Uniswap under investigation by the SEC

Regulators probe parts of the digital-asset market that have resisted oversight, according to people familiar with the matter.

Uniswap under investigation by the SEC

One of the biggest crypto exchanges is under investigation by the Securities and Exchange Commission, as regulators probe parts of the digital-asset market that have resisted oversight, according to people familiar with the matter.

Uniswap Labs, the company behind decentralized exchange Uniswap, is being investigated by the Securities and Exchange Commission (SEC).

This decentralized exchange protocol is the backbone for an Ethereum-based exchange that allows any person to swap ERC-20 tokens without going through a middleman.

It also counts among the major players in the decentralized finance (DeFi) ecosystem that replaces centralized middlemen with non-custodial, decentralized applications in traditional financial products.

Reports citing people familiar with the matter state that the SEC is attempting to learn how investors use the platform and how it is marketed.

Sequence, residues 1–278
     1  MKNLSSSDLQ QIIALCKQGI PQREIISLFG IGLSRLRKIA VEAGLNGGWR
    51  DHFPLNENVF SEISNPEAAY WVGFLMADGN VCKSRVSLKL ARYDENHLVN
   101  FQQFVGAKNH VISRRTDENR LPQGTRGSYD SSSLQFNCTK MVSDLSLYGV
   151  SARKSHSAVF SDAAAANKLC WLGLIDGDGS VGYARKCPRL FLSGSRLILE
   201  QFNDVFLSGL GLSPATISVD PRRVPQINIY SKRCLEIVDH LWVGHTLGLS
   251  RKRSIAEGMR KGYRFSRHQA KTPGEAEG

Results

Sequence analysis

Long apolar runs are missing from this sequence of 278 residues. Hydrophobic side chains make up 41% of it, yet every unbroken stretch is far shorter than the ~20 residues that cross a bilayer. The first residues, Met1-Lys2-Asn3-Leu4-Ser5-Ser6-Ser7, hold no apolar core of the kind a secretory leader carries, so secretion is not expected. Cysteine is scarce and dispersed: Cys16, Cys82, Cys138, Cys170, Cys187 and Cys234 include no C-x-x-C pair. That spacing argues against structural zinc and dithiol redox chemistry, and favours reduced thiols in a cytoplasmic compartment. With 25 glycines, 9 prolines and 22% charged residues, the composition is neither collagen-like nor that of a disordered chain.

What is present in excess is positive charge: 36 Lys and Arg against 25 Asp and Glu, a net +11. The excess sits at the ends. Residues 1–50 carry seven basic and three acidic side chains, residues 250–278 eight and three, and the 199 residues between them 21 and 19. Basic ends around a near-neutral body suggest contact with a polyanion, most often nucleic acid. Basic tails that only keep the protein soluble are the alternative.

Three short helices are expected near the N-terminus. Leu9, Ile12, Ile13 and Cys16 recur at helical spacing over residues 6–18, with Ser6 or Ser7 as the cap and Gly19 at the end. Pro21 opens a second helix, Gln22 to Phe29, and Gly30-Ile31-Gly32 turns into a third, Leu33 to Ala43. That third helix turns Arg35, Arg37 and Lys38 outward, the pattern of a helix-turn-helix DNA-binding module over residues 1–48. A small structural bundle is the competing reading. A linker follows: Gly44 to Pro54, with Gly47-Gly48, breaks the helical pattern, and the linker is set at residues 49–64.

Neither the SEC nor its employees would comment, saying the agency doesn't confirm or deny investigative reports.

At the same time, Uniswap said to the Wall Street Journal that it "complies with the laws and regulations which govern our industry, as well as providing information to regulators to assist them in their inquiries."

In May 2021, Uniswap launched its third version, which is now the largest decentralized exchange in the market. According to CoinGecko data, it traded for over $1.5 billion within a day.

Despite being "in its early stages," the investigation follows the SEC's chairman Gary Gensler's comments about DeFi's expansion.

Additionally, the SEC chief stated that there is a group inside DeFi who write open-source code, but the code also entails "governance and fees," as well as a "some kind of incentive structure" for those who promote and sponsor it.

Gesler allegedly warned that DeFi projects might break U.S. securities law as well as commodities and banking law in the past.